- Country of Origin: Product Of India
Ajwan seeds (also known as Ajwain, Ajowan, Bishops Weed, Carom, or Ethiopian Cumin) add a perky freshness to carbohydrates and lentils. Ajwan is related to fennel, caraway and cumin, but it is much smaller than these. The seed has a similar size and shape to those of celery seeds. The taste is strong but has a certain freshness to it. When crushed, they have a Thyme-like aroma and may substitute thyme in smaller quantities.
Some Indian recipes call this spice Lovage. Before using Ajwan seeds, crush them to release the flavor by rubbing them together with your finger tips. Ajwan is popular in some Indian dal dishes and in breads and potatoes where it is used as a spice very much like cumin.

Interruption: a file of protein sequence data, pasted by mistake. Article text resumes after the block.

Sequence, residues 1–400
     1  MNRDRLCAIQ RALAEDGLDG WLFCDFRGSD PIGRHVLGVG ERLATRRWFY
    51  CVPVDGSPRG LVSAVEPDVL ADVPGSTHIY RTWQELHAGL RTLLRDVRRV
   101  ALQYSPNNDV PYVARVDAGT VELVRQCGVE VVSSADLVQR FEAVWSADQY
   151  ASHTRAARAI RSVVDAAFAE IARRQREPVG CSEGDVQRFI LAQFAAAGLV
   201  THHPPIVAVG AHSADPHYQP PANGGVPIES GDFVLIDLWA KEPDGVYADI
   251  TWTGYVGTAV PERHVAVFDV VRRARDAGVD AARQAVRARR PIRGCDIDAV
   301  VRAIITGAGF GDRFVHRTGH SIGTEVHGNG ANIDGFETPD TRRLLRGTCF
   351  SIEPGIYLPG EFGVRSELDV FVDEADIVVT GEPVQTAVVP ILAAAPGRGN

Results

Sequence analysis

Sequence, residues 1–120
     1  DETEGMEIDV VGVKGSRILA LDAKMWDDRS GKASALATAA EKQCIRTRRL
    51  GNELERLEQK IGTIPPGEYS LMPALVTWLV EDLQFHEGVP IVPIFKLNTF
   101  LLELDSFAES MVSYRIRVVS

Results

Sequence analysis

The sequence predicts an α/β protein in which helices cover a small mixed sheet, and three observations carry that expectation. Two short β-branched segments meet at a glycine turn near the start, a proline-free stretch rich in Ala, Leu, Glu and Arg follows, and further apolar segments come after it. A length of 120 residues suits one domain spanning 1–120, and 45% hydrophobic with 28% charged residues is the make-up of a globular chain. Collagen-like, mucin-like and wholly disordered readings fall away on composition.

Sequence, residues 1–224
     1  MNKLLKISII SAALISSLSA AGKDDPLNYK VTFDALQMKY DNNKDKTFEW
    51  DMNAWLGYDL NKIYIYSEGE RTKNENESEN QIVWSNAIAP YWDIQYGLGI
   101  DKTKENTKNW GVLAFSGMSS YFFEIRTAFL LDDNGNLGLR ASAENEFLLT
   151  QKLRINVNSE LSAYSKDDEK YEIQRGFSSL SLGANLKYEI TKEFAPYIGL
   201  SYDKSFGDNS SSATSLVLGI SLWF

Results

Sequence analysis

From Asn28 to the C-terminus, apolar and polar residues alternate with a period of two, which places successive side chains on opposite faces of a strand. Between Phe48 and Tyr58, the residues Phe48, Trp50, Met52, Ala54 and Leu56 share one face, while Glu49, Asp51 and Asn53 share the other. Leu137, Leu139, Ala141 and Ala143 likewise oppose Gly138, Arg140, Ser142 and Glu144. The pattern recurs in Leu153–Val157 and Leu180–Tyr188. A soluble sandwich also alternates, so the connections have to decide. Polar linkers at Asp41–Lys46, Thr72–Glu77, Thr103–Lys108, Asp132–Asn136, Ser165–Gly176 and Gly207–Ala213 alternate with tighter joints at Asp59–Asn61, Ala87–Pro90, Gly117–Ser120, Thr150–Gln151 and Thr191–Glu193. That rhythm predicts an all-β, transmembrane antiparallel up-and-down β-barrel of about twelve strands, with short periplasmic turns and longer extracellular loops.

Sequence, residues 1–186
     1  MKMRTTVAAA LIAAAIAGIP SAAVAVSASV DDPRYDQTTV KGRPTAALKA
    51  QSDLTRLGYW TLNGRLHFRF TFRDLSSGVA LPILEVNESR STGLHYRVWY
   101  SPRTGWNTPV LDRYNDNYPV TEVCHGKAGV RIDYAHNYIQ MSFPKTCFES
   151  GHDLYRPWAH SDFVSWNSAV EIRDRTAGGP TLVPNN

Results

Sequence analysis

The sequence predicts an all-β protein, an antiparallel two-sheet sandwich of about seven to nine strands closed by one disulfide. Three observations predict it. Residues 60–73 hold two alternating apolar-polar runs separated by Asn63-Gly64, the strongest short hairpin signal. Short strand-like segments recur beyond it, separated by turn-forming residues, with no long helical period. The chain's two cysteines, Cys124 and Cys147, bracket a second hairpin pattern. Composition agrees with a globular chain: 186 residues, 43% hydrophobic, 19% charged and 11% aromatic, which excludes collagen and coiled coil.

Ajwan is mainly used for potatoes and lentils, although it can be good for any root vegetable dish. It is used in curry powder mixed specifically for vegetables and lentils, as well as in Indian breads like parathas and pooris, and Indian appetizers such as pakoras.
Ajwain contains thymol, which is a germicide and antiseptic, and is valued in Ayurvedic cuisine for its medicinal uses, including diarrhea, colic, flatulence, asthma and indigestion. It helps expel wind and mucus.
Product Of India
(Typical analysis per 100g)
Energy 1276 kJ
Protein 16 g
Fat Total 25 g
- Saturated 4 g
Carbohydrates 43 g
- Sugars 0 g
Sodium 10 mg